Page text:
Switching can be very costly, so it pays to get it right. Iceland quickly found that its plastic-free target was not going to come cheap. It’s “damn hard work and it’s costing us a lot of money”, said the frozen food specialist’s managing director Richard Walker in an interview with PA last year. At the Westminster Food & Nutrition Forum in September, David Moon from Wrap, the Waste and Resources Action Programme, also spoke of his fears for companies that are being “bounced” into action. He called for more time, especially in categories like meat, where complex laminated plastics are often used. “We are working with the meat sector to identify what they can do about this: are there alternative approaches to selecting the plastic or are there some good recycling routes for that plastic,” he explained. “I think the solutions will be found, but you need time.”

One solution is no packaging at all. Morrisons is encouraging customers to bring their own containers to the meat counter, whilst Waitrose has started unpacking various items (not yet meat) in a high profile campaign to promote reusables. It’s early days and it will take time for shoppers to adjust but long-term the trend is packaging-free rather than just plastic-free.

In the interim, plastic is here to stay and it’s a fair bet that many in the poultry sector are struggling with the flexible stuff often used to seal the trays or wrap “roast-in-the-bag” chickens (see Poultry processors’ plastic plans). Wrap, through the UK’s Plastics Pact, has set a target to increased recycled content of polyethylene films to 18% by the end of 2025 – it’s a big ask given the current rate is 0%. Part of the issue is achieving the standards required to meet EU standards for food contact materials. Another popular film is polypropylene – which is “the easiest plastic to recycle [but]cannot currently be recycled back to food grade”, according to Zero Waste Scotland. There is hope that Ceflex, a European-wide collaboration, will soon start delivering some results. Compostables, which consumers rank “most sustainable”, could also provide a solution, provided the barriers around supply, collection and treatment can be overcome.

Chicken-in-a-bag has also become a popular option: this lets shoppers see the product (29% of meat and poultry buyers like to see what they’re buying, say YouGov/AHDB), and offers convenience and peace of mind. It was Asda’s reported challenge to Faccenda to come up with a “truly innovative packaged product” that resulted in the technology to allow consumers to cook a whole chicken without handling the raw bird. Despite progress to reduce levels of Campylobacter, the concept of “touch-free” packaging remains attractive, especially to younger shoppers. According to Mintel, some 37% of 16-34 year-olds prefer not to handle raw meat when cooking – a finding that prompted Sainsbury’s to launch touch-free packaging for its chicken pieces in 2018. There was a backlash on Twitter given their continued use of plastic. Perhaps it’s time to look at that cassava wrap more seriously?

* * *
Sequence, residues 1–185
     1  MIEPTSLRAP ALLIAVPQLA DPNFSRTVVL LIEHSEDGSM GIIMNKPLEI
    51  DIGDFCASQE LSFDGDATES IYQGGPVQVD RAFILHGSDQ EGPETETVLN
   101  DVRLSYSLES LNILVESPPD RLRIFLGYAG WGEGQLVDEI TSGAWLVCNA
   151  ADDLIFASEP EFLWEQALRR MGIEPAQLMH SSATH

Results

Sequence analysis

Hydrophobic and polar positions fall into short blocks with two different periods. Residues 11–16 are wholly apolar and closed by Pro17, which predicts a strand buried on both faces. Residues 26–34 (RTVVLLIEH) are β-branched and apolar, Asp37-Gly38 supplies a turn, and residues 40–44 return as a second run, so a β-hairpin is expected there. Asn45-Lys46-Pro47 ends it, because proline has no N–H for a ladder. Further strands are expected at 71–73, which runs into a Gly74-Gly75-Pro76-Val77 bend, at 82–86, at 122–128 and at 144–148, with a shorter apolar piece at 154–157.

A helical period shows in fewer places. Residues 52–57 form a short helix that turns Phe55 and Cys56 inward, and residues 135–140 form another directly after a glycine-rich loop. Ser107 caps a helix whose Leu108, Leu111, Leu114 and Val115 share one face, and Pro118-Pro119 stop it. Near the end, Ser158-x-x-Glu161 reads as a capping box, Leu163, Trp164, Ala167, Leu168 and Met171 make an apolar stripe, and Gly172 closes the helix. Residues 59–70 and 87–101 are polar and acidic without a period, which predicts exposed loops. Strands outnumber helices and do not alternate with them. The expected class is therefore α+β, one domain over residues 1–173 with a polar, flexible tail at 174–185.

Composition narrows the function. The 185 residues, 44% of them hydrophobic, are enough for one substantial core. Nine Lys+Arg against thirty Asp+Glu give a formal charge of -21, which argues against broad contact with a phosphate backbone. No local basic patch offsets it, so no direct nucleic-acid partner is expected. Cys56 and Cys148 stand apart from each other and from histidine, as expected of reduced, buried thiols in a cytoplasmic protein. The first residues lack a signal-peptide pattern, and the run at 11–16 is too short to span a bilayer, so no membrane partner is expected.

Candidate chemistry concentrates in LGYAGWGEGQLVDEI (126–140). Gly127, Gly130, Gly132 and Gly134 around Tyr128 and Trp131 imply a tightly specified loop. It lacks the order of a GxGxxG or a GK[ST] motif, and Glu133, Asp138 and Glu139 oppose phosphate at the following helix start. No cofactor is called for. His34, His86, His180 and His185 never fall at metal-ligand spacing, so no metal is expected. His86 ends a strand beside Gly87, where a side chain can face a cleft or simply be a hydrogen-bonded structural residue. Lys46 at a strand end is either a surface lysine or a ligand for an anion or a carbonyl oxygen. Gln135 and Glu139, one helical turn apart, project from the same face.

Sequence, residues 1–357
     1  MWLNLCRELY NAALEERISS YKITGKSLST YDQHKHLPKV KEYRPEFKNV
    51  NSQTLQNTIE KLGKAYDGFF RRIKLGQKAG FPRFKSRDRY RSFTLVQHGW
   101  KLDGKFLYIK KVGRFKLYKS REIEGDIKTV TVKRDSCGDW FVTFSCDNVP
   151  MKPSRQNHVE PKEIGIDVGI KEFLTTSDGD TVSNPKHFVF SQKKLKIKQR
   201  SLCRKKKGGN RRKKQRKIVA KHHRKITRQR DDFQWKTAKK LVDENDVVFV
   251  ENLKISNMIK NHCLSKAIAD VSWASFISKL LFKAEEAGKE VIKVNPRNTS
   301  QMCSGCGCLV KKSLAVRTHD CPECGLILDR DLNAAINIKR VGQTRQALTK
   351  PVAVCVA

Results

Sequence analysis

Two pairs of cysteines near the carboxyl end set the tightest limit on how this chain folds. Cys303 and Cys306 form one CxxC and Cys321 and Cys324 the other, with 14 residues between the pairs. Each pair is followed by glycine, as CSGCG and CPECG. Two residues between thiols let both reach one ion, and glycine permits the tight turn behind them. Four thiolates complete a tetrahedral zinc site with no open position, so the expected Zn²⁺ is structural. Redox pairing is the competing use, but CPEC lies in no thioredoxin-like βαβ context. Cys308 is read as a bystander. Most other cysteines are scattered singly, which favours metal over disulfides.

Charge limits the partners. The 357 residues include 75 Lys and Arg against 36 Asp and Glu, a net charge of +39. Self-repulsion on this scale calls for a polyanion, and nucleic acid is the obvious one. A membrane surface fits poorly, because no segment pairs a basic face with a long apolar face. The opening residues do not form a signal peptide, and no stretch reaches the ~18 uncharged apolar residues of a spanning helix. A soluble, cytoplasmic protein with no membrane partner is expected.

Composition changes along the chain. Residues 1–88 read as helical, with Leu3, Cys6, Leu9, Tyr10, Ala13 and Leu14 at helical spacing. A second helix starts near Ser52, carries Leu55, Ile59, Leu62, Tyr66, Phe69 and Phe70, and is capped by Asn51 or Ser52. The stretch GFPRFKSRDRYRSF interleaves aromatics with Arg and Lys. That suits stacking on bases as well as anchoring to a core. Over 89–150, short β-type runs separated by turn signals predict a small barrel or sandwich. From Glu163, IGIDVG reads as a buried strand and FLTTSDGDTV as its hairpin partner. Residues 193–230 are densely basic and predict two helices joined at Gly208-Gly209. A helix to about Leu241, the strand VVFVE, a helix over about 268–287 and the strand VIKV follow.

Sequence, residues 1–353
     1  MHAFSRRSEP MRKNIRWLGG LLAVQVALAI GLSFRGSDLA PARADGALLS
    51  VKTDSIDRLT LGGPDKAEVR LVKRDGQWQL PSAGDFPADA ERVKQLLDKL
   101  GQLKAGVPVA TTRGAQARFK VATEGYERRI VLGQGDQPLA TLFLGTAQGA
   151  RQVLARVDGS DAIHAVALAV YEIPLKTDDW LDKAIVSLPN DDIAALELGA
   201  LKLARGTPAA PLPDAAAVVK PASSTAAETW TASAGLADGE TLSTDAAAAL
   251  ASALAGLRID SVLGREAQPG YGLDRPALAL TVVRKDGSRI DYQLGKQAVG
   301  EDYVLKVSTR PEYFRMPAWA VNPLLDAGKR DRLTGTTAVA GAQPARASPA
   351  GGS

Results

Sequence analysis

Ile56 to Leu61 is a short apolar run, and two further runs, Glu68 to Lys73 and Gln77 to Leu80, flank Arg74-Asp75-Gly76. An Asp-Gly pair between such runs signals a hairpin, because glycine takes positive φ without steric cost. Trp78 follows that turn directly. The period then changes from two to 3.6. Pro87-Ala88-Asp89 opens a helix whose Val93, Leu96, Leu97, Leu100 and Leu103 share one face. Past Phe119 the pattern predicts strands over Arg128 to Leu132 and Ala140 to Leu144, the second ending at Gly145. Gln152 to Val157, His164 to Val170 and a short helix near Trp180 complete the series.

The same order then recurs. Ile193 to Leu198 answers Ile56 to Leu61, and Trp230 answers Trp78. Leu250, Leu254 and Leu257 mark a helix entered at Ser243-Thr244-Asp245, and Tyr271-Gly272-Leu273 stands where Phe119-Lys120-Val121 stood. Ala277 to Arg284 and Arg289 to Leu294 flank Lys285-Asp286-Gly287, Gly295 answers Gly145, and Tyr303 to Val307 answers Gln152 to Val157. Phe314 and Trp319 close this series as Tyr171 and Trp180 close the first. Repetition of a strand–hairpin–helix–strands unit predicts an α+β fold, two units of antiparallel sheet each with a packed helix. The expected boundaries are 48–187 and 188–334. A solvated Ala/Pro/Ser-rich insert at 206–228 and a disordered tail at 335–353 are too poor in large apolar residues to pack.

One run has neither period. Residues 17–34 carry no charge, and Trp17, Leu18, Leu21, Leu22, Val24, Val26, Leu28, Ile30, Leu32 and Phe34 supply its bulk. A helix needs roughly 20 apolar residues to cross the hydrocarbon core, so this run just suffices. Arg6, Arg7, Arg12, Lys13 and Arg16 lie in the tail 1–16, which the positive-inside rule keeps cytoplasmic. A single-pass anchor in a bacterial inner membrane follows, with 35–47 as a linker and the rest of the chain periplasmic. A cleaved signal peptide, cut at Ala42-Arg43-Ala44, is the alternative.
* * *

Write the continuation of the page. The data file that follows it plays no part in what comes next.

Red light for black plastic

Black trays are second only to sweet and crisp wrappers in terms of the food packaging that people are most worried about, according to Incpen/Wrap research. Retailers have begun to phase out these trays given that sorting technology struggles to identify them, though some are introducing “detectable” black trays, given that the colour has become synonymous with premium products.

Poultry processors’ plastic plans

In May, Moy Park launched its “Remove, Reduce, Recycle and Research” strategy. The company says it has hit a target to reduce overall use of packaging per kilo of chicken by 5% and is now chasing a similar cut by the end of this year. Plastic packaging will also be “widely recyclable” by 2022, but for any other packaging it’s 2025 (a sign of the pressure to act first on plastic). However, with the company not prepared to provide any further information and no sign of the strategy on the website, it’s hard to say how things are going.

2 Sisters also chose to publicise its new plastics strategy but not publish it. The company told Poultry Business that progress since the launch in April 2018 includes the removal of 481 tonnes of plastic from its own label poultry products; 183 tonnes of this was from trays which now also contain a minimum 30% recycled content. “This is only the beginning of our efforts,” says a spokesman, who also admitted that the company’s main challenge remain flexible film alternatives that are recyclable and can be produced with recycled materials.